Unsteady three-dimensional compressible vortex flows

Reeves, James Oliver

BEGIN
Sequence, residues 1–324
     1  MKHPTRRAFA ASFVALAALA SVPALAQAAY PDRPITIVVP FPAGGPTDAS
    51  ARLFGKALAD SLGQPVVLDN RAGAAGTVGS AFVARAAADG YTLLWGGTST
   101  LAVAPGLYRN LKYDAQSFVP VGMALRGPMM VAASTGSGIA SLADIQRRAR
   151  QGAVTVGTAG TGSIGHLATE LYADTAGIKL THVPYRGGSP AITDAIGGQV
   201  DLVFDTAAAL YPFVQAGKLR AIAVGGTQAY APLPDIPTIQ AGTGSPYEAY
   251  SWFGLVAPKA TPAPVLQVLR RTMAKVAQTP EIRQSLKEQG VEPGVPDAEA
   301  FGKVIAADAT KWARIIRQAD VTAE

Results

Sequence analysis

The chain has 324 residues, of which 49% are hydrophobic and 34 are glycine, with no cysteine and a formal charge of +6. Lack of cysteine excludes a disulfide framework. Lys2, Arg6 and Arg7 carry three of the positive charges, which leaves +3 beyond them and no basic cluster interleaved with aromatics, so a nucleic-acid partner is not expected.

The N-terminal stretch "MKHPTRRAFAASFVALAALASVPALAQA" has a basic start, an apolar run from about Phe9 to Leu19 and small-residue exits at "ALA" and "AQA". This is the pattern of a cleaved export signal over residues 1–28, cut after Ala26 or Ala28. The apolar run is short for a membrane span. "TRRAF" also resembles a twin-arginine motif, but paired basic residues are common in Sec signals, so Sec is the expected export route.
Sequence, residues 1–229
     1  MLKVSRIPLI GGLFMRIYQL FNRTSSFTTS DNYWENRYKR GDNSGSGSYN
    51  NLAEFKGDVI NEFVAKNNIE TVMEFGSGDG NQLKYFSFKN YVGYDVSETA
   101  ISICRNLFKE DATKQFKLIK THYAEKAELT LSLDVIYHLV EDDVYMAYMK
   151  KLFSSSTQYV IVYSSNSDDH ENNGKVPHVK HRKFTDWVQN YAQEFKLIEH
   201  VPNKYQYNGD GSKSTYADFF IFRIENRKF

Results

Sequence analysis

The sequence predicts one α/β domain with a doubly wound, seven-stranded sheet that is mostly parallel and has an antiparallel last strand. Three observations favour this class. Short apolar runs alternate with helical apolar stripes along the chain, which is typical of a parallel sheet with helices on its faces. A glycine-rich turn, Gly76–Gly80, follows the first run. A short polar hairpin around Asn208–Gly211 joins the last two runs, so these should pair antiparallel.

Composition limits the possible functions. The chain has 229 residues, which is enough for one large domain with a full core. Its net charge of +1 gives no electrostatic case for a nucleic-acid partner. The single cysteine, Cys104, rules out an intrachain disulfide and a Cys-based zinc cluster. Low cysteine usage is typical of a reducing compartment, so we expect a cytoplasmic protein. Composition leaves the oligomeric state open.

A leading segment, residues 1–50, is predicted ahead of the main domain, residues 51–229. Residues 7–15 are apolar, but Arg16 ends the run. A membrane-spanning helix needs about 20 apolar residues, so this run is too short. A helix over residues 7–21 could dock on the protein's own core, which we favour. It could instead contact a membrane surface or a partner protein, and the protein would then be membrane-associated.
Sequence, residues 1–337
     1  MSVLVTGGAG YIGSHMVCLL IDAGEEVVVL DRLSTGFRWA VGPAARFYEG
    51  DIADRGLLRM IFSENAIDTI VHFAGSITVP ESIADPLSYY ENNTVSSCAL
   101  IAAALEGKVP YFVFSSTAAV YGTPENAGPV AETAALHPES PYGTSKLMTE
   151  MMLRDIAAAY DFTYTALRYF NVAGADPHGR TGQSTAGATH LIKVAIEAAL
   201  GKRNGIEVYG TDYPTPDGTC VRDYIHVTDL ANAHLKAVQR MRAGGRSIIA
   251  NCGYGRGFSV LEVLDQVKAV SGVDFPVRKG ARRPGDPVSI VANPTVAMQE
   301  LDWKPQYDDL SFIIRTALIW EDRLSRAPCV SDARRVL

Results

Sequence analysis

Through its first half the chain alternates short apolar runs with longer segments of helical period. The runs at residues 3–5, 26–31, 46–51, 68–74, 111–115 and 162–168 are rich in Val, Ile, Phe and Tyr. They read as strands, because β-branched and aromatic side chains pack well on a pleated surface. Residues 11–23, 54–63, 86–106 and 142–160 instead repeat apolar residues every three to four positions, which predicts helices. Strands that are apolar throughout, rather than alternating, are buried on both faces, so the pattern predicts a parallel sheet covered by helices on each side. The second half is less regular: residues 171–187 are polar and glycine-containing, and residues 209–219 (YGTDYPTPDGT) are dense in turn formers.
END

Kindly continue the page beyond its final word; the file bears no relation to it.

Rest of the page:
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Vortex flows are fundamental to nature and technology. In this dissertation, the results of an experimental and numerical investigation into the behaviour of the free vortex generated by shock diffraction over edges yawed to the incident shock wave are presented. The objectives of this study were to explore the behaviour of the free vortex in three dimensions, with a particular focus on the distortions caused to the vortex by the presence of a solid boundary, or wall. Threedimensional numerical simulations and experimentally obtained schlieren photographs reveal significant distortion and bending of the free vortex in regions near the boundary of the flow domain, so as to meet it at a right angle. Experimentation was performed in a shock tube for incident shock Mach numbers of 1.32, 1.42, and 1.65, with four test models, two incorporating straight diffraction edges, and two incorporating curved diffracting edges. Numerical simulation was performed with Fluent 6.3.26 software. The numerical solutions were validated against the experimental results through pictorial comparison, and despite relatively coarse meshes being used, were found to mimic the experimental results very well. The numerical results are used here to investigate and explain the various features of the resultant flow fields, with particular emphasis placed on the behaviour and properties of the free vortex. The effects of bending on the structure of the vortex and on the flow properties with the vortex are examined. The rate of circulation production for the three-dimensional diffraction cases was calculated, and the trends observed correlated with those for the much published two-dimensional diffraction case. Also investigated is the three-dimensional shock diffraction case, where it was found that the shape of the diffracted shock wave differed slightly from the two-dimensional case in the region near the boundaries of the domain.